This month is the last edition of Monthly Nourish.

For those not following along, Monthly Nourish was my little attempt at inspiring simple and small change, completely aligned with my fundamental approach to nutrition that health is not all-or-nothing. Each month I highlighted three foods, discussed the health benefits and provided loads of recipe inspiration. The hope was that you could try new foods or new recipes, a little bit at a time, and at a pace that suits you.

I am finishing up the series, but there is a full year (12 months!) of posts to go back to, when you find yourself in need of a little inspiration.

So here it is, the final Monthly Nourish!


1. Apple

Apples are the quintessential fruit of fall. They are a high-fibre and low-sugar fruit, typically suitable for those watching their sugar intake. Apples contain vitamin C and B vitamins, along with phytonutrients to help with free-radical damage. Apples contain prebiotic fibre, which can help feed the beneficial bacteria that naturally reside in your gastrointestinal system. Apples also contain a good amount of a flavonoid called quercetin, which is good to support the immune system.

Apples can be enjoyed as a snack ( I love them with almond butter), or baked in an apple crisp/pie. Try out this recipe for Carrot Muffins with Apple from The Minimalist Baker and check out our Pinterest board for more recipe inspo!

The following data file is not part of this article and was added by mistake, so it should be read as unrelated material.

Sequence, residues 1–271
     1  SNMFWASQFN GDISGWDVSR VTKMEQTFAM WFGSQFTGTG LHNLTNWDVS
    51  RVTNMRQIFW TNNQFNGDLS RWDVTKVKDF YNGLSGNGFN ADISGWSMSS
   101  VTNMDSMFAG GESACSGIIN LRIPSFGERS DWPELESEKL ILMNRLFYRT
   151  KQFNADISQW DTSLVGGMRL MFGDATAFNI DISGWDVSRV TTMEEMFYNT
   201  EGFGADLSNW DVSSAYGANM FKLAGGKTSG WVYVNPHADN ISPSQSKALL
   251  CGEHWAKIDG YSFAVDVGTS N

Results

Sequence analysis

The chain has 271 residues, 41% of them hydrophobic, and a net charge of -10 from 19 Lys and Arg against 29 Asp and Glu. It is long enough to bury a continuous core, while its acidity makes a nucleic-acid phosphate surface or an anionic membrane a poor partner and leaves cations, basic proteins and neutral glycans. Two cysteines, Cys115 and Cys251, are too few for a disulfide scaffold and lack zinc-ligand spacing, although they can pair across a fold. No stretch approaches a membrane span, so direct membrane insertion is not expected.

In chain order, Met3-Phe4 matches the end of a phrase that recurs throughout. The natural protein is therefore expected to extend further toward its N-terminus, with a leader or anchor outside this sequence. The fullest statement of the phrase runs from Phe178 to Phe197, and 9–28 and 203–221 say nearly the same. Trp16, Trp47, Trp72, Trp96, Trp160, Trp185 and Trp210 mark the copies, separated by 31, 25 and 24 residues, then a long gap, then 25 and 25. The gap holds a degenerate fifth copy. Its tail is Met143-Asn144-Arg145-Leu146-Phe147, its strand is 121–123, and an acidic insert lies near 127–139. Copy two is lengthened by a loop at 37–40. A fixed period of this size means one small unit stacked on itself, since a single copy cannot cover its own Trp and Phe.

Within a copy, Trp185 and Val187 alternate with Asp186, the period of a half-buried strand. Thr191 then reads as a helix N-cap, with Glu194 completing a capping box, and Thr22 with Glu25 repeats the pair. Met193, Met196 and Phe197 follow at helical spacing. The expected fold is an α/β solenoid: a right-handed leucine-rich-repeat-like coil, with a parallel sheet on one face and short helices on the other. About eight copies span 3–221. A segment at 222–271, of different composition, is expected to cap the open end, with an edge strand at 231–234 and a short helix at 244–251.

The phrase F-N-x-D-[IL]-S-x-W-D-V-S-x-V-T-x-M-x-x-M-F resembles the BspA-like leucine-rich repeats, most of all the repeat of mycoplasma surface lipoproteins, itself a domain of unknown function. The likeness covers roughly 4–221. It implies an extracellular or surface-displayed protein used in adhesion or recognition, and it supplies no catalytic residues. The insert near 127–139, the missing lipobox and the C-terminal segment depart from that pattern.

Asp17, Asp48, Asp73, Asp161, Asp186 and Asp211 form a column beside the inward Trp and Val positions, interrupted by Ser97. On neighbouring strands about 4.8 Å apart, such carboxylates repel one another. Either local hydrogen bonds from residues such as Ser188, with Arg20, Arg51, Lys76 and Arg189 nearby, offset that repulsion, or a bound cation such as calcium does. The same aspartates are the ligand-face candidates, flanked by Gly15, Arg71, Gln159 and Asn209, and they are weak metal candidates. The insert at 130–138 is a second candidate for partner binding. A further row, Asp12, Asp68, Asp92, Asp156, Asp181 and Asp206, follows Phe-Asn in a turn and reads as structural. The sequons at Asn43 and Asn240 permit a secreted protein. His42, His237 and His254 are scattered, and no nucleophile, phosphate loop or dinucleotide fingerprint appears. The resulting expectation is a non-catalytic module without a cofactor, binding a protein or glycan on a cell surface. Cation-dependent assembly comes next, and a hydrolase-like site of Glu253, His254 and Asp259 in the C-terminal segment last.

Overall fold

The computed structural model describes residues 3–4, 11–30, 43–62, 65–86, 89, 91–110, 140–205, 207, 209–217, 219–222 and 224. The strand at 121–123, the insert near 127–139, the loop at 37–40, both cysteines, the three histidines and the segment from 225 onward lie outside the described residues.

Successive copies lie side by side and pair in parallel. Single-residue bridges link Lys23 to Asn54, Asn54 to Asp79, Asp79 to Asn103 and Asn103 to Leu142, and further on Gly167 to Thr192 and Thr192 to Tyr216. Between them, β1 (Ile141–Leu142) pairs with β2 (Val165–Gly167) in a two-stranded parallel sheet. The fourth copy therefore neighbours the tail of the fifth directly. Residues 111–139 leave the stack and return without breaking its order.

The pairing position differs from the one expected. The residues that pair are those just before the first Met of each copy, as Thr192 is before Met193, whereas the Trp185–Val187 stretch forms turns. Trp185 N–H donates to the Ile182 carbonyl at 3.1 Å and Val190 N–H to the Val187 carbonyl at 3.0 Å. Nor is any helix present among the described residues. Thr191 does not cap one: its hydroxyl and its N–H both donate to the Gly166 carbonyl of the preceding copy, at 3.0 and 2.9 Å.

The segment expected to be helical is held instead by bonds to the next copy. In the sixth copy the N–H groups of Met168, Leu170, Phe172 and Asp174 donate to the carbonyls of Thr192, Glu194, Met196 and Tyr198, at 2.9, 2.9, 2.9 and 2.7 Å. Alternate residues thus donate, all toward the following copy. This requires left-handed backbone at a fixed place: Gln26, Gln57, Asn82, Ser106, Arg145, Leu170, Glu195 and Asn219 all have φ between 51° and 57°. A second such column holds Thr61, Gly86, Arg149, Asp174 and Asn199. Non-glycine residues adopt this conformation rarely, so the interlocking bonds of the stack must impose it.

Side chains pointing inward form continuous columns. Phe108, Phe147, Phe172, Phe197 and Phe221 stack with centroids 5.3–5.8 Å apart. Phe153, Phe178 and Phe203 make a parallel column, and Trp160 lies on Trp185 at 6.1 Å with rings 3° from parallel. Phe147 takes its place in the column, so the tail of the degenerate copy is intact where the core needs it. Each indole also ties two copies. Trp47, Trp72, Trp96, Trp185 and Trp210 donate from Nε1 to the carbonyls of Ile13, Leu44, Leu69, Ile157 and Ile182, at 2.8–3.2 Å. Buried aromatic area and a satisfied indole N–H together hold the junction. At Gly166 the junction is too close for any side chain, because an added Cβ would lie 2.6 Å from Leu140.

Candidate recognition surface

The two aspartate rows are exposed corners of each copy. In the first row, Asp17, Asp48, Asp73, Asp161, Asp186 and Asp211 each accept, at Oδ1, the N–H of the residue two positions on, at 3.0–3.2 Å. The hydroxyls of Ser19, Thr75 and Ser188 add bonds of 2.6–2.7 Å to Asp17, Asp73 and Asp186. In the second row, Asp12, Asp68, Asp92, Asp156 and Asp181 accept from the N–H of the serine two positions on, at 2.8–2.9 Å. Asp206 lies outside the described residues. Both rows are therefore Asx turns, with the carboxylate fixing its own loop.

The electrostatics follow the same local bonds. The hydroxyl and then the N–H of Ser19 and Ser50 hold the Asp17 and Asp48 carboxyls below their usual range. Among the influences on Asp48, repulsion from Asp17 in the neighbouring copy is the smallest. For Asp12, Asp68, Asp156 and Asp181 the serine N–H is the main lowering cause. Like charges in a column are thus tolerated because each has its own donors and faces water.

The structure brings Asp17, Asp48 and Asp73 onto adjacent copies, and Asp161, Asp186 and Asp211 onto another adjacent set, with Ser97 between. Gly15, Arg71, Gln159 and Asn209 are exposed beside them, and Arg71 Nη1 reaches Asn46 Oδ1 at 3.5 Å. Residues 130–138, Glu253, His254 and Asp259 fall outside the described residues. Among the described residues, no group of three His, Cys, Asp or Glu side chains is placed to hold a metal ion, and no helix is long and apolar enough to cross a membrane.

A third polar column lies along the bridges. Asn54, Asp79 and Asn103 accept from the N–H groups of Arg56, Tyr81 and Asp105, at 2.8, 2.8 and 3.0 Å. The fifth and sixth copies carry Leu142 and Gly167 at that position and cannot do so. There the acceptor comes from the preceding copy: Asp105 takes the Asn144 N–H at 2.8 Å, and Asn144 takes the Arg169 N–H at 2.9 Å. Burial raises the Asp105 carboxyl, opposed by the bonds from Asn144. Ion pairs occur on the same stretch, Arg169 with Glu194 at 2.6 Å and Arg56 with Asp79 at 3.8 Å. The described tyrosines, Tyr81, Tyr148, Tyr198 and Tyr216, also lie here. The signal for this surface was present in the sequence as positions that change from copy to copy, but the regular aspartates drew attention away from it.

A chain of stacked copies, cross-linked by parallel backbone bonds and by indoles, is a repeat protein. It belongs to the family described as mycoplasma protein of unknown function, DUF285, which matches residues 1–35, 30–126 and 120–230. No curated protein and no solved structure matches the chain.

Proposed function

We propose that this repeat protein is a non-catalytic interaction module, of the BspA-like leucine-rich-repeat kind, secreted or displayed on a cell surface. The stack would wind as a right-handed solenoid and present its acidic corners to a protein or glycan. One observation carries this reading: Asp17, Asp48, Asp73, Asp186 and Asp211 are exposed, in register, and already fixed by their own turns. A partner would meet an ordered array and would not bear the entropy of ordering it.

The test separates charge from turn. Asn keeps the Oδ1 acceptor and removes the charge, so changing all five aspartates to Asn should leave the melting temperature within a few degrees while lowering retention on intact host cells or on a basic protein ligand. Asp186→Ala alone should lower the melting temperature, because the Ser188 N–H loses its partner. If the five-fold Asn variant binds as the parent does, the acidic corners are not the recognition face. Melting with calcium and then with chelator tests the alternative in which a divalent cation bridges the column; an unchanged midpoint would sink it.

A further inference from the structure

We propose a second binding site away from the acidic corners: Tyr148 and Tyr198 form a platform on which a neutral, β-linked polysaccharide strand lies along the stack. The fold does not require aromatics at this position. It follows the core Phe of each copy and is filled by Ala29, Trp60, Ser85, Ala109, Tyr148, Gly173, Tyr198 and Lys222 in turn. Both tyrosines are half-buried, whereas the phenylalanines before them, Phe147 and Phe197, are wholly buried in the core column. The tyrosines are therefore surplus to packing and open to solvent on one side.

2. Carrot

Carrots are a starchy vegetable, that contains fibre, along with other vitamins and minerals. Carrots, similarly to other orange coloured foods, are notably high in beta carotene, which converts to vitamin A in the body. Vitamin A is great for skin health, immune system and eye health.

Apples can be enjoyed raw, or roasted, or made into a soup or even dip. Try out this recipe for Creamy Thai Carrot Soup from Oh She Glows and Che ck out our Pinterest board for more recipe inspo! 

3. Squash

Squash is another fibre-rich vegetable, high in beta carotene. It is also a good source of B 6, which is helpful for energy and stress, along with folate, making it a great food to enjoy when pregnant. Squash also contains potassium, which is an important mineral to help with nerve signals, muscle contractions and specifically can help to manage blood pressure.

Squash comes in many forms, and they can all be cooked and enjoyed in different ways. Roasted or baked squash, is one of my favourite ways to enjoy it. Try out this recipe for Butternut Squash Veggie Pizza by The Minimalist Baker and check out our Pinterest board for more recipe inspo! 


I hope you enjoyed this series. Please check back through the archives whenever you need a dose of nutrition inspiration!

– SG

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